I’m a runner.
Or, I was a runner.
Sometimes, I forget I’m not a runner anymore. And when it hits me that I can no longer call myself a runner, a wave of depression comes over me that has, on occasion, actually knocked me down. Thankfully, it’s a short lived fit of self-pity (usually) and is often shoved aside quickly by a quick trip up or down some stairs.
The pain in my knee is a pretty good reminder that, once the pain is gone, I will be a runner again. (Sometimes, it sends me into a downward spiral where I’m convinced I’ll never even be able to walk up and down the stairs again, but that’s not really important right now.)
I had no idea how much I associated being a runner with who I am until I couldn’t run. There was only one other time in my life that I had such an identity crisis…
During the first date I was on with my husband, he interrupted me to exclaim (with a rather terrified look on his face), “Oh, God! You’re a Christian!” He actually backed away from me when he said it, as if I might somehow infect him with my Christian filth. We had already been surprised by his being 7 years younger than me… and he had already told me that he hated kids. To which, I responded that I had two. He didn’t so much as flinch. (Not even when I went out of my way to try to make him. hehehe) But when something escaped from my lips that made him realize I was a Christian, he looked a little disgusted.
Now, you might think that I would be upset about his reaction… I wasn’t.
I was more upset that he wasn’t able to tell before our date, before I confirmed his accusation, before whatever the words were that had escaped my lips at that moment, what my beliefs were.
All I could think was, “I’m a Christian. I’m supposed to be shining Christ’s light in this world. Every action and reaction I have is supposed to exude love.” Obviously, if he was that shocked by my being a Christian, then I wasn’t shining a light in the world. He had seen me many times before our first date. We had even gone to lunch a couple of times before that night. If I was bringing light to the dark, it would have been obvious at this point… but it wasn’t.
And I had to really search myself. I had to redefine my role in this world. I questioned whether I really was a Christian. Did I have any business calling myself that if it was THAT big of a shock for someone to find out?
That’s pretty much how I feel now when I let the words escape my lips… “I’m a runner.”
Writer’s write. If I wasn’t writing, I couldn’t call myself a writer.
Runner’s run. If I haven’t ran in months can I really call myself a runner?
It’s a pretty simple concept. Let the identity crisis begin…
About a year ago, I fell during a race. I sprained my shoulder and had a little pain in my knee. I figured the knee was just scraped and once the scabs went away, it’d be fine. That wasn’t the case. The doctor said I’d probably torn my meniscus. Without an MRI they couldn’t tell for sure. I needed to have an x-ray, which they said wouldn’t be able to tell them anything really if it was a tear, but the insurance won’t pay for the MRI without an x-ray first.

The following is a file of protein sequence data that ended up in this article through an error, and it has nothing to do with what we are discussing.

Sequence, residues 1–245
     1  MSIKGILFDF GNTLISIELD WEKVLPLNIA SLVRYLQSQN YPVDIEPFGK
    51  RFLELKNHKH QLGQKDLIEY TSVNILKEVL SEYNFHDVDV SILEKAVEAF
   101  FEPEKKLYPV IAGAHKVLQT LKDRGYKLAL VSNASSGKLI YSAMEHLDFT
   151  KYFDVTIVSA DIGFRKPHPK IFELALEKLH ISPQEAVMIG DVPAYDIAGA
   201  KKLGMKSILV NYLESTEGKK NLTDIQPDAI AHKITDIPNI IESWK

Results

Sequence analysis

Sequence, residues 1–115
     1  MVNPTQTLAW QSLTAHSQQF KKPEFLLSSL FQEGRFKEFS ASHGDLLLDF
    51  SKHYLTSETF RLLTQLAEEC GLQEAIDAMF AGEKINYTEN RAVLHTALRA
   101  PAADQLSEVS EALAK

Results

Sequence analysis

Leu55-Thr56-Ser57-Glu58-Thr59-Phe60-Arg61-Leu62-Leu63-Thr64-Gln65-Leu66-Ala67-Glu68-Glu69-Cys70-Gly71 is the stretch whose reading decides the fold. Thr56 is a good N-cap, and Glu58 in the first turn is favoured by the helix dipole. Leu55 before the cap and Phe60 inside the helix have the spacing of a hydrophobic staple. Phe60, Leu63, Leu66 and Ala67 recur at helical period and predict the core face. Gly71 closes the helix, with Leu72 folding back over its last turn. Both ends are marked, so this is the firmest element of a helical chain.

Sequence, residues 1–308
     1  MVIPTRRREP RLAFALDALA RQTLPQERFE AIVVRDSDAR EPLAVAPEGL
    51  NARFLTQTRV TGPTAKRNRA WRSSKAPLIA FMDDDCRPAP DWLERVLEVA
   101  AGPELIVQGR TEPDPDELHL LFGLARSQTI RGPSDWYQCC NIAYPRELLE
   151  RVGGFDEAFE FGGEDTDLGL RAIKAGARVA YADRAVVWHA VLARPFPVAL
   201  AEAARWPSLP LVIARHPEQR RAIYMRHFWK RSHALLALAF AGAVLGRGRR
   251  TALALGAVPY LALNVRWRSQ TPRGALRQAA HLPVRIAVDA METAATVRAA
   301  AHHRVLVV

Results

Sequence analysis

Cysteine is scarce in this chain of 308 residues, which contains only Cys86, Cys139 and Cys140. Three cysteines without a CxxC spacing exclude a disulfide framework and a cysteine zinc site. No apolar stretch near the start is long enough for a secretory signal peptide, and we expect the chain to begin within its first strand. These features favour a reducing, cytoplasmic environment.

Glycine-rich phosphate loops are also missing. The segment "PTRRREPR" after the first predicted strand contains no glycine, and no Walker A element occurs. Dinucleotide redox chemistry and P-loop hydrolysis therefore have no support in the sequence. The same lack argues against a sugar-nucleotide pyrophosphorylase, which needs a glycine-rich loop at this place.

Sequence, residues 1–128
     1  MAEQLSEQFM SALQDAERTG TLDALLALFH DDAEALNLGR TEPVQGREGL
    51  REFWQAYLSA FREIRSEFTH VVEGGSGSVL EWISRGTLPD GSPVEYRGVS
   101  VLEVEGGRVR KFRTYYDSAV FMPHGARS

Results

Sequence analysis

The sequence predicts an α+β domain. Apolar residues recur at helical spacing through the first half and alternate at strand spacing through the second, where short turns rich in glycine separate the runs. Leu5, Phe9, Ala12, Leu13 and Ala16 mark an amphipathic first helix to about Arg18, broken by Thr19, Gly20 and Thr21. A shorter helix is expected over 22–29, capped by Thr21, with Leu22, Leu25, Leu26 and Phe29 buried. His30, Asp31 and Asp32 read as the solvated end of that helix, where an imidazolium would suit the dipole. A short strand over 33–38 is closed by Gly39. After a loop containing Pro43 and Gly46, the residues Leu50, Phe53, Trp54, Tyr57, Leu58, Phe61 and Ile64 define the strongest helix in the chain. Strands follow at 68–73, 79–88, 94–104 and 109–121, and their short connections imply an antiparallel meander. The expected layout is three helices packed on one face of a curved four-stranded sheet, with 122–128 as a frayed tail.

The knee pain wasn’t so bad that I couldn’t run on it, so I decided not to worry about it. I iced it after every run and, except for the post-run swelling, it was fine.
In January, my husband and I ran a half-marathon in Arizona for our anniversary. After the race, a pain in my stomach that I had been experiencing on and off for a few months became nearly unbearable. It grew worse as the months wore on. I couldn’t run. Some days, I could barely walk. The pain eventually led to me having surgery in May.
That race was my last long run.
Once healed from my surgery, I was excited to get back out on the road. But it wasn’t quite the homecoming I had expected.
Over the months of inactivity, my knee had gotten weaker. It’s no longer able to absorb the shock of running. Stairs cause me to grit my teeth.
Yes, I should probably go have the stupid x-ray.
But I’d rather build the strength back up in my knee. I don’t want to end up out for another year because I had to have another surgery (which is what the doc is pretty sure I’ll need).
I’m a runner.
I’m a runner who cannot run.
Building myself back up to where I was is going to take time. And a lot of patience and determination… and I have to get over the fact that I cannot run. Before I can run, I’m going to have to walk.
To me, running is fun. The world just looks and feels different when I’m running. The time passes almost too quickly.
But walking??? Walking is boring. Time passes way too slowly. Everything looks and feels exactly the same as if I was sitting on my front porch.
Basically, the problem is that I cannot get myself motivated to walk. I’ve tried listening to a book while I walk on the treadmill (I hate treadmills). I’ve tried listening to music, but it just doesn’t help.
Today, with the help of a new friend, I think I’m finally ready to say “I’m a walker.”
I woke up this morning and had no desire to go for a walk. I gritted my teeth and grimaced at the crackling and pain as I walked up the stairs. I was NOT in the mood for a slow, boring, walk up and down the hills I know I need to walk to get my knee stronger.
But I had someone waiting for me. I couldn’t cancel, I was the one who asked her to go with me. And so, I went.
And I had a great time!
She didn’t mind that I had to take it easy as we made our way not just up, but down the hills (down is a killer for me right now). We talked and laughed, and the time just flew by… I went much farther than what I thought I would be able to!
Without her, I honestly wouldn’t have made it there today. I wouldn’t feel as accomplished as I do now… I’d be sitting here sulking in the fact that I can’t run, instead of joyously proclaiming that I walked today!
And eventually, I WILL run again!
I’m a runner.